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NEWS
October 2, 1990 | NORA ZAMICHOW
When U.S. officials decided to topple Panamanian dictator Manuel Noriega, the Navy SEALs were chosen to prevent him from escaping the country last December. SEALs (sea-air-land commandos) crippled Noriega's private jet and sneaked into a tightly guarded harbor to disable his high-speed patrol boats. The price of such stealthy missions, however, is steep. Of the 4,150 Special Operation Forces members involved in Operation Just Cause, 11 were killed and more than 200 were wounded.
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ENTERTAINMENT
October 17, 2011 | By Bob Drogin, Los Angeles Times
The CIA was nominally in charge when Navy SEALs flew deep into Pakistan in radar-evading Stealth helicopters in May to kill Osama bin Laden and when Predator drones fired missiles to kill Anwar Awlaki in Yemen last month. But America's fabled spy service was eclipsed in both raids by a far more secretive group that flies 10 times as many drones as the CIA. Based in North Carolina, it runs its own intelligence division, flies its own reconnaissance planes and has its own satellites.
WORLD
November 24, 2011 | By Kim Willsher, Los Angeles Times
The last time he was in Panama, former dictator Manuel Noriega was being bombarded around the clock with deafening pop and heavy metal music as American troops tried to flush him out of the Vatican diplomatic mission where he had taken refuge. Now, after more than two decades in prison in the United States and in France, the ex-general who ran the strategic Central American state with an iron fist between 1983 and 1989 is likely to be back home for Christmas after a Paris court on Wednesday approved his extradition.
CALIFORNIA | LOCAL
April 5, 2014 | By Tony Perry
SAN DIEGO -- Four rescue specialists from the California Air National Guard remain aboard a disabled sailboat to treat a sick child, the Guard's 129th Rescue Wing said late Saturday afternoon. No decision has been made whether the child will be transferred to a U.S. Navy ship headed toward the boat or evacuated by air to San Diego, a Guard spokesman said. The sailboat is estimated to be more than 1,000 miles off Cabo San Lucas, Mexico. The effort to help the child has involved the Coast Guard, Air National Guard and Navy.
NEWS
March 27, 2003 | David Reyes, Times Staff Writer
Taking a page from "Cheers," where everyone knows their names, patrons of an Irvine eatery held a goodbye party Wednesday night for their favorite bartender, who re-upped in the Navy reserves after the terrorist attacks of 2001 and reports for active duty today. Steve Sindoni was caught off-guard by the tribute when he arrived for work at Vessia Ristorante. Instead of the usual handful of folks, he found every stool taken by well-wishers. Fittingly, the bar area is called Cheerzini.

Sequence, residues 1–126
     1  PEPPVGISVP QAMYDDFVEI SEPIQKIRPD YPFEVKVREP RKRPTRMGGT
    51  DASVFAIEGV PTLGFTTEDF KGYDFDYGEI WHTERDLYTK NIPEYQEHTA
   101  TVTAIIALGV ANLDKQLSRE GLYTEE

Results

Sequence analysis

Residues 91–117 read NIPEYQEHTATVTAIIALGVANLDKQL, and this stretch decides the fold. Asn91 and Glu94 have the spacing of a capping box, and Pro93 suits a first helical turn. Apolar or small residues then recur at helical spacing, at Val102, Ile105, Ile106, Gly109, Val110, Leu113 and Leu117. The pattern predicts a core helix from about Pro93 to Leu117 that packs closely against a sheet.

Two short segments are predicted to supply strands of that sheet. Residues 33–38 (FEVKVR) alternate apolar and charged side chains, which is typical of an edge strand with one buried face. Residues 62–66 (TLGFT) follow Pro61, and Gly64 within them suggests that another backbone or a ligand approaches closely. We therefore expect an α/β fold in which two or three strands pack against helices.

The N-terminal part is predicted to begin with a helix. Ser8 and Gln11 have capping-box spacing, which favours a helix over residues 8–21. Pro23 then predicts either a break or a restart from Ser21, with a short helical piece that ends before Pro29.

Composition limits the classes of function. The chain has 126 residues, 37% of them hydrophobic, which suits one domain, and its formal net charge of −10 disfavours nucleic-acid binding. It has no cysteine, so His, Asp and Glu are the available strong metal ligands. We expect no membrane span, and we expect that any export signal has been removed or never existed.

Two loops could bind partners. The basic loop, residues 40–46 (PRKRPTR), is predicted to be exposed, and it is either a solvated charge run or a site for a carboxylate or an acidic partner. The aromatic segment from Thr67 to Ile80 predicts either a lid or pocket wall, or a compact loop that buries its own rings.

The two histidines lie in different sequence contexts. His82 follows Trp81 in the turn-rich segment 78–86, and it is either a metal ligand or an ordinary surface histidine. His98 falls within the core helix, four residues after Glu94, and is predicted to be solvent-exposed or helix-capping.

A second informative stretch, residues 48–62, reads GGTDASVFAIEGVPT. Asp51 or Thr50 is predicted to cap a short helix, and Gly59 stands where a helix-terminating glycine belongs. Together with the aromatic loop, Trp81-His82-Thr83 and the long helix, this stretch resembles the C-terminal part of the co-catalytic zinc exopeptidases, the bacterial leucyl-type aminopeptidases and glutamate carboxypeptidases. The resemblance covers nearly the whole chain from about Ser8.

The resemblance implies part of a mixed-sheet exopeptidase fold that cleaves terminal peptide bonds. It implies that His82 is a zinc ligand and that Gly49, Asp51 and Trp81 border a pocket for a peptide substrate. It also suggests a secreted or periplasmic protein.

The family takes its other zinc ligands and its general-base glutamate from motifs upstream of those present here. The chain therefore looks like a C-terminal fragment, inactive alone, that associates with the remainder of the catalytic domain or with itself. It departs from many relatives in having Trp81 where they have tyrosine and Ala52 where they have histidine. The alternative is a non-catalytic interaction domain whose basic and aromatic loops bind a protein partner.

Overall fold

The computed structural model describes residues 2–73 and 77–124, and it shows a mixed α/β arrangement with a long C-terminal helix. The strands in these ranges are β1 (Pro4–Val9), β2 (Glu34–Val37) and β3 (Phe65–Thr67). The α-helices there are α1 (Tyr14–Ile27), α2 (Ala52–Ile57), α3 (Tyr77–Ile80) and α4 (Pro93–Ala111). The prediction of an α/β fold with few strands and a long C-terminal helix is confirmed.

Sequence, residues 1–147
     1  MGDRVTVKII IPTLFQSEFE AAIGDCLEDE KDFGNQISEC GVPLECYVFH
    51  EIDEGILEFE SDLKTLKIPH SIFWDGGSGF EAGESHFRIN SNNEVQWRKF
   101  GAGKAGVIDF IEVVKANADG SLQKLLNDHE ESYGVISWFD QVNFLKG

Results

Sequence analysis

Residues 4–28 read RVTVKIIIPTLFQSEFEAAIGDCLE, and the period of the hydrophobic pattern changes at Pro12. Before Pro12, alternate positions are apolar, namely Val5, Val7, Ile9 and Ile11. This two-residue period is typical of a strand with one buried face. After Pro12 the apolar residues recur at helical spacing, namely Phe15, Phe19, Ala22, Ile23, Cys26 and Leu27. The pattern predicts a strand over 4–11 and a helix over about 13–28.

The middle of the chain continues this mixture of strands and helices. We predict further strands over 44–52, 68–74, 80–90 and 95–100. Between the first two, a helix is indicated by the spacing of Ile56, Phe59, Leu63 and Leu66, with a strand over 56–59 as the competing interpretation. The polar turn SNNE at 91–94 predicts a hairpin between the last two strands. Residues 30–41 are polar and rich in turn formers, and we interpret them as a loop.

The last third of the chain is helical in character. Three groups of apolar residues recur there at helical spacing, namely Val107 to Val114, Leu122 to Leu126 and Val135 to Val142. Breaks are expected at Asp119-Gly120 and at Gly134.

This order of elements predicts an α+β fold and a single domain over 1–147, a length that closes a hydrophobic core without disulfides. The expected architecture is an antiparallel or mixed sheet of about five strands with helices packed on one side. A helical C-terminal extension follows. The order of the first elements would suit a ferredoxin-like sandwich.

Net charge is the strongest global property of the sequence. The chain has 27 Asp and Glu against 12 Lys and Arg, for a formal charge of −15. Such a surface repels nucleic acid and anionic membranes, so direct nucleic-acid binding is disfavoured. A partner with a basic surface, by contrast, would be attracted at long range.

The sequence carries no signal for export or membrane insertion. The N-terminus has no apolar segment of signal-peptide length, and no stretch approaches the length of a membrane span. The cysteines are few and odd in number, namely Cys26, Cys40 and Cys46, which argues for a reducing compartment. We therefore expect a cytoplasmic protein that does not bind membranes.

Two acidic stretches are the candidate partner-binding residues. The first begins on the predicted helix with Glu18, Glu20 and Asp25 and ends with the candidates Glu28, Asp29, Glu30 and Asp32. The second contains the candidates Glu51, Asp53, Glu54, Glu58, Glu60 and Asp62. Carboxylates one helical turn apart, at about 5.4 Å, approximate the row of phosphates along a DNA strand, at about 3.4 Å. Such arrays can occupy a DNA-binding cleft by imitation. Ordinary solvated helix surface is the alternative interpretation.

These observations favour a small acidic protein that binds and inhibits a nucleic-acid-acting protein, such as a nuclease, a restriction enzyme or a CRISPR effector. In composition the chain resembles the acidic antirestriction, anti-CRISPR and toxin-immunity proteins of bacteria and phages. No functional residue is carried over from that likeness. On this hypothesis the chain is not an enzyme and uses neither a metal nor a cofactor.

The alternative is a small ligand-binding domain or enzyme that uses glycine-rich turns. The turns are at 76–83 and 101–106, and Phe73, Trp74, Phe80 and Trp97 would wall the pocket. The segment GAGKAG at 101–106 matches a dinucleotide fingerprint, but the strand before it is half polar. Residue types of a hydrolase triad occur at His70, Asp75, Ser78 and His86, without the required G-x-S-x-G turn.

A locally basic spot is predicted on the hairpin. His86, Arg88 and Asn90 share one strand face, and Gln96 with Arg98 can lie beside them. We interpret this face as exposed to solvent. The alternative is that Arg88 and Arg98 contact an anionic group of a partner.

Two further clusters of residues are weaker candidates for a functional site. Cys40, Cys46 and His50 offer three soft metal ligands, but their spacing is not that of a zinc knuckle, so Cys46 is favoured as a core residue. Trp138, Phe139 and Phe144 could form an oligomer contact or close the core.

CALIFORNIA | LOCAL
February 17, 1991 | NORA ZAMICHOW, TIMES STAFF WRITER
Navy SEALs, who call themselves the "Silent Professionals," traditionally avoid being identified or photographed by the media. Brave men under extraordinary circumstances, they seem to be afraid of only one thing: a camera. But, as branches of the armed services jockey for the ever-diminishing pool of recruits and funds, SEALs and other traditionally low-profile military branches are inching toward the spotlight.
CALIFORNIA | LOCAL
September 30, 1990 | NORA ZAMICHOW, TIMES STAFF WRITER
When U.S. officials decided to topple Panamanian dictator Manuel Noriega, the Navy SEALs were chosen to prevent him from escaping the country last December. SEALs, sea-air-land commandos, crippled Noriega's private jet and snuck into a tightly guarded harbor to disable his high-speed patrol boats. The price of such stealthy missions, however, is steep. Of the 4,150 special forces members involved in Operation Just Cause, 11 were killed and more than 200 were wounded.
NATIONAL
June 8, 2013 | By Shashank Bengali, Los Angeles Times
NORFOLK, Va. - As heavily armed pirates held an American sailboat off the coast of Somalia in February 2011, Navy SEALs on the bridge of the guided missile destroyer Sterett heard one of the hijackers on the radio threatening the lives of his four American hostages. "I am holding these people. They are like meat," he said. "I will eat if you head my way. " What happened next is providing riveting testimony in a federal courtroom here as three rail-thin Somali men in baggy coats face the first U.S. murder trial of piracy suspects in nearly two centuries.
ENTERTAINMENT
December 2, 2013 | By Alan Eyerly
Sneaking Nick Brody (Damian Lewis) into Iran was supposed to be a quiet, bloodless mission. But the CIA operation quickly deteriorates into a loud, bloody fiasco on “Good Night,” Episode 310 of Showtime's “Homeland.” The scheme calls for Navy SEALs to drop off Brody at the Iraq-Iran border so he can seek asylum in Tehran by falsely claiming responsibility for the CIA headquarters bombing. While being exploited for his propaganda value, Brody would kill the leader of Iran's spy agency.
NEWS
June 12, 1985 | DAVID TREADWELL and GAYLORD SHAW, Times Staff Writers
Accused spymaster John A. Walker Jr. several times reportedly used his houseboat to take members of an elite Navy commando unit on diving expeditions in Willoughby Bay here, according to naval personnel who declined to join the outings. This disclosure came Tuesday as the trail of revelations about the former naval communication specialist's background took another bizarre twist: While Walker allegedly was spying for the Soviet Union, he also was trying to recruit sailors into the Ku Klux Klan.
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